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Should you pay off your mortgage early?

Should you pay off your mortgage early?
(Image credit: Getty)

A mortgage can be a hefty financial burden that can last for decades, so the thought of being able to pay it off early is understandably appealing. The question is, should you? It isn’t as clear-cut an answer as you might expect, and there are actually pros and cons to repaying your mortgage ahead of time. So, read on to find the answer to that all-important question – should I pay off my mortgage early? 

Are you able to pay off your mortgage early?

The first thing you’ll need to consider is whether it’s actually feasible for you to pay off your mortgage early, both in terms of whether or not you have the cash to repay it, and if your mortgage lender will even allow you to pay it off ahead of schedule. 

You’ll need to contact your lender to see if early repayment is possible (some only allow you to make additional payments within certain limits), and if it is, whether you’ll be charged a prepayment penalty for doing so. These are becoming less common but you may be facing such a charge if you’ve got an older mortgage contract, in which case you’ll need to work out if the potential savings you’ll make by repaying your loan early will compensate for the additional charge.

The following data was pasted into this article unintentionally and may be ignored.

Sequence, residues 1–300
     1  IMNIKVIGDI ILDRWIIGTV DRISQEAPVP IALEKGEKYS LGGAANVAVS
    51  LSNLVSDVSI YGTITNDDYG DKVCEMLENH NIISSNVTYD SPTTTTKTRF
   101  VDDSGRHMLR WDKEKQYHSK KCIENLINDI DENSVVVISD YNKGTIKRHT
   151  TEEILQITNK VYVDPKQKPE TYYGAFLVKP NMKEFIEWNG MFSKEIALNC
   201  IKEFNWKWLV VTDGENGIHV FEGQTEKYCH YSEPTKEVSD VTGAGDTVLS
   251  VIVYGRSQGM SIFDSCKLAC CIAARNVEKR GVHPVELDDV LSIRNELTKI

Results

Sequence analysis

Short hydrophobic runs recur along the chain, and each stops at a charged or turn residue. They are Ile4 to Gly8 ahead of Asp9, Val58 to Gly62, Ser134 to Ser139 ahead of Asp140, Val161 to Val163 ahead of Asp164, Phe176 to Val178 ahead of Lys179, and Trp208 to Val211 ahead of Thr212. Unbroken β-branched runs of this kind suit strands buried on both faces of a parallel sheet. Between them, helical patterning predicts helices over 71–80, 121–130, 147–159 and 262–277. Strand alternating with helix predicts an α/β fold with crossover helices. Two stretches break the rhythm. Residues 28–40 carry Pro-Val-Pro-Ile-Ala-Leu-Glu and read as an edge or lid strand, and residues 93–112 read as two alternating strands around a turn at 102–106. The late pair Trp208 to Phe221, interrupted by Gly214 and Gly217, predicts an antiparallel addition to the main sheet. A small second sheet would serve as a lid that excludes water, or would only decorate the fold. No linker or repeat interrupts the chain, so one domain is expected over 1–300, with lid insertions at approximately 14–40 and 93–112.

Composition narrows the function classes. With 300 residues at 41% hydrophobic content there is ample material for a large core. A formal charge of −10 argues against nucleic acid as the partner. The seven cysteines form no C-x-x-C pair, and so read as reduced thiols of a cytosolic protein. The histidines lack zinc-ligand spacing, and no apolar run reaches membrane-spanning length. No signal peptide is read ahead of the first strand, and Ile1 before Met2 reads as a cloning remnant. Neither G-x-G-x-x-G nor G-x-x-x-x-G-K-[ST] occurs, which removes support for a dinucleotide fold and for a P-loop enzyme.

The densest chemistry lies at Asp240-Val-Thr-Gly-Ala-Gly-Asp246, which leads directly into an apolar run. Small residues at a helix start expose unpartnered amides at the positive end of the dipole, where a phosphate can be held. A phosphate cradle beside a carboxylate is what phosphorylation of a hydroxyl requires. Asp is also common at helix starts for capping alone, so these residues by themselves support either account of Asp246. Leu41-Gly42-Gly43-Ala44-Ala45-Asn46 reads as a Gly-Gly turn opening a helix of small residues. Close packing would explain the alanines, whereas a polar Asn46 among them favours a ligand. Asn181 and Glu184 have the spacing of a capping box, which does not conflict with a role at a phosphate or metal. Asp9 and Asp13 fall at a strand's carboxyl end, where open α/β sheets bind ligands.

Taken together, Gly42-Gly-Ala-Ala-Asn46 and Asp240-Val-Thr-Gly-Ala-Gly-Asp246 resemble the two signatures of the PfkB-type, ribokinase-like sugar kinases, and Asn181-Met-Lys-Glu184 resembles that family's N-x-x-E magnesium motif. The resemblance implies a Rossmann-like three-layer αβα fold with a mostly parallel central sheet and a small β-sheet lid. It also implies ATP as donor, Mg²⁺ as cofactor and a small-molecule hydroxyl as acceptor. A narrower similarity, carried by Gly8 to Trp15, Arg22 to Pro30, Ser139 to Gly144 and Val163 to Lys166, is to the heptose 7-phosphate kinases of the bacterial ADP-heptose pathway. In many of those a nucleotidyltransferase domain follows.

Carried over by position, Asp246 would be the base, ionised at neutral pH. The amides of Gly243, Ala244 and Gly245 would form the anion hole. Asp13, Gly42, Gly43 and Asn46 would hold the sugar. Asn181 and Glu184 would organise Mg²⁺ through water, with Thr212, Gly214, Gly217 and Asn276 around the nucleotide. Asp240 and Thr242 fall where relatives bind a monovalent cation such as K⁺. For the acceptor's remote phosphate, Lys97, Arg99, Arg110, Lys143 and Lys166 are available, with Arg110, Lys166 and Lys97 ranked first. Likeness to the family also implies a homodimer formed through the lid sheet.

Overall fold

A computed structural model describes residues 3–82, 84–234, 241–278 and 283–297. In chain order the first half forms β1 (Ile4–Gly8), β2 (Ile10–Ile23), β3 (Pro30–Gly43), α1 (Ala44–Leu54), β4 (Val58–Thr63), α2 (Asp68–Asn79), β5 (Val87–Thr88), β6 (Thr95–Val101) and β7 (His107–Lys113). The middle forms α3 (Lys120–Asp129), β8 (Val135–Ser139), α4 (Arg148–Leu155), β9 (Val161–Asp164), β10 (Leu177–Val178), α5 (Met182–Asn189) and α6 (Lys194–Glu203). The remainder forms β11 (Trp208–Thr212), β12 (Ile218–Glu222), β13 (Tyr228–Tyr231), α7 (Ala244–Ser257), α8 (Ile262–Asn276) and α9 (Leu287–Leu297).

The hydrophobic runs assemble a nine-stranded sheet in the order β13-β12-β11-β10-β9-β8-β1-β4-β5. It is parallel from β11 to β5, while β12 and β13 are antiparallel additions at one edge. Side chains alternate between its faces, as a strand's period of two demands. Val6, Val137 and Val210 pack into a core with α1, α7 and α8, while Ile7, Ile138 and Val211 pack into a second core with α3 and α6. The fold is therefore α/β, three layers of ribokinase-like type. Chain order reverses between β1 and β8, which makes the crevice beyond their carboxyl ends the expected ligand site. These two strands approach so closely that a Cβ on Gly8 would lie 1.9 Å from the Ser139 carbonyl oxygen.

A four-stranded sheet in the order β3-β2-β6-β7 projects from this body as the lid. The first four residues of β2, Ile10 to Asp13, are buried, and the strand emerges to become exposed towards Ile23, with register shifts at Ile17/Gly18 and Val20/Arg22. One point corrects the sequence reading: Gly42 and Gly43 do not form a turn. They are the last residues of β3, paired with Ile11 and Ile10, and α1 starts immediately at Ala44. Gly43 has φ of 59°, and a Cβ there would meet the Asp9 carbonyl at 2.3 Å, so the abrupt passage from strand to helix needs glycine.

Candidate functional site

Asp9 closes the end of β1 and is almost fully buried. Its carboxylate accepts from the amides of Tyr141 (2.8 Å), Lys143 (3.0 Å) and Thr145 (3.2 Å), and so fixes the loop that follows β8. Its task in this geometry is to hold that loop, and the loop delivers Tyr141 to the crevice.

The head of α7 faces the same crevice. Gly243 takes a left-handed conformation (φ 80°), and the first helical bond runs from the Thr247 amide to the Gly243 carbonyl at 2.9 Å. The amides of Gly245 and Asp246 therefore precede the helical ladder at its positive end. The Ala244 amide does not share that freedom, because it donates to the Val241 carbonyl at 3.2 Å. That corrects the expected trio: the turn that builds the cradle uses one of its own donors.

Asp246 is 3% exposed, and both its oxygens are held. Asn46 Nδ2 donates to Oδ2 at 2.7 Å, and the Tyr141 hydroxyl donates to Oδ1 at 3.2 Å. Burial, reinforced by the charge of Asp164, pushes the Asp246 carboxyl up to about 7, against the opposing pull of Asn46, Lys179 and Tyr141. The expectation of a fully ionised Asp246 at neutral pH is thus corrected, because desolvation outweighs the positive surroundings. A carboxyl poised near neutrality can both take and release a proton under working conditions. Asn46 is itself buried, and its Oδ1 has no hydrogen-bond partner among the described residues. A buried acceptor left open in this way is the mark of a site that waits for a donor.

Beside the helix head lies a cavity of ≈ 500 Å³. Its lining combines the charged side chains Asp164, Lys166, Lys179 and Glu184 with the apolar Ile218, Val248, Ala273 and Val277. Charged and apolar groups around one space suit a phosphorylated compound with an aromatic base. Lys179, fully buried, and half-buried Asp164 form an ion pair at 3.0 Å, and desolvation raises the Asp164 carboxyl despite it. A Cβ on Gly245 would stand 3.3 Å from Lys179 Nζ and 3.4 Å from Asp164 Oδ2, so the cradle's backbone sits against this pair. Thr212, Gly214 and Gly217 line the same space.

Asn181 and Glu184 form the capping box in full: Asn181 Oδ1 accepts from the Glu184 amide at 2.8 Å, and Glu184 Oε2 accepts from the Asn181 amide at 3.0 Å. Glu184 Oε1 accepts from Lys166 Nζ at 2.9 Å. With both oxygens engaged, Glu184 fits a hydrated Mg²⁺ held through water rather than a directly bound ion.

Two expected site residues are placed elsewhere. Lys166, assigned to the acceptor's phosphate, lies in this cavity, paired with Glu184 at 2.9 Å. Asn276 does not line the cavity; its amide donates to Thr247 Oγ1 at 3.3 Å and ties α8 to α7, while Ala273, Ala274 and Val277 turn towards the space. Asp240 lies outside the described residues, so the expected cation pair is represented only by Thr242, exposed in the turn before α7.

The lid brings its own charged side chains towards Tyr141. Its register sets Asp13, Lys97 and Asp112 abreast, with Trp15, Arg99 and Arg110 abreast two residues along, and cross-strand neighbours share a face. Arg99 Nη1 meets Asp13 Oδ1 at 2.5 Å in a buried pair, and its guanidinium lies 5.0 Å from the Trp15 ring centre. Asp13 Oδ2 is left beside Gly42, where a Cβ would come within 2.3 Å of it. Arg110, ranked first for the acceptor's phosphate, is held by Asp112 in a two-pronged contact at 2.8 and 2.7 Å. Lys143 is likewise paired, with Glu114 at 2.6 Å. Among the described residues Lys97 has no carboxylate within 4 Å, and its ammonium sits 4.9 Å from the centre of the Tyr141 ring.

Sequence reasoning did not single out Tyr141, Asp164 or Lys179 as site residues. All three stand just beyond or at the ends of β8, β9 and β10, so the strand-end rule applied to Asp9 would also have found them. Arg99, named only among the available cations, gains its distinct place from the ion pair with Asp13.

You also need to have accessible cash to pay off your mortgage, which may be in the form of an inheritance, savings or successful investments. However, as we’ll discuss below, it’s important to work out whether this money could be put to better use elsewhere before you sink all your savings into your home. 

Should you pay off your mortgage early?

(Image credit: Getty)

Benefits to paying off your mortgage early

One of the biggest pros to paying off your mortgage early is the amount of interest you’ll save over the life of the loan. This can be a significant sum, particularly if you’re repaying your mortgage several years ahead of schedule, which could see you save thousands of dollars in interest. 

You’ll also be able to eliminate monthly mortgage payments, which could go a long way to boosting your cash flow and household resources, leaving you an additional chunk of money that can be put towards saving, investing or simply enhancing your standard of living. Even if you don’t pay off the full amount in one go, you can still reap the rewards, particularly if you’re able to bring your level of equity above the magic 20% mark that will see your private mortgage insurance policy canceled

There’s also the less tangible reason of simply being free of such a significant amount of debt and having the peace of mind that you own your home outright, which for those who have the means to do so, could be a key driver behind repaying a mortgage early. 

Should you pay off your mortgage early?

(Image credit: Getty)

Reasons you shouldn’t pay off your mortgage early

If you’re thinking of funneling every bit of spare cash you have into your home, it may be wise to reconsider. This is because your home is considered a non-liquid asset, and although that asset is substantial, it isn’t that easy to tap into the capital in a pinch. Instead, you’ll want to make sure that you’ve got a healthy emergency fund to hand that can provide a valuable financial buffer should you need it.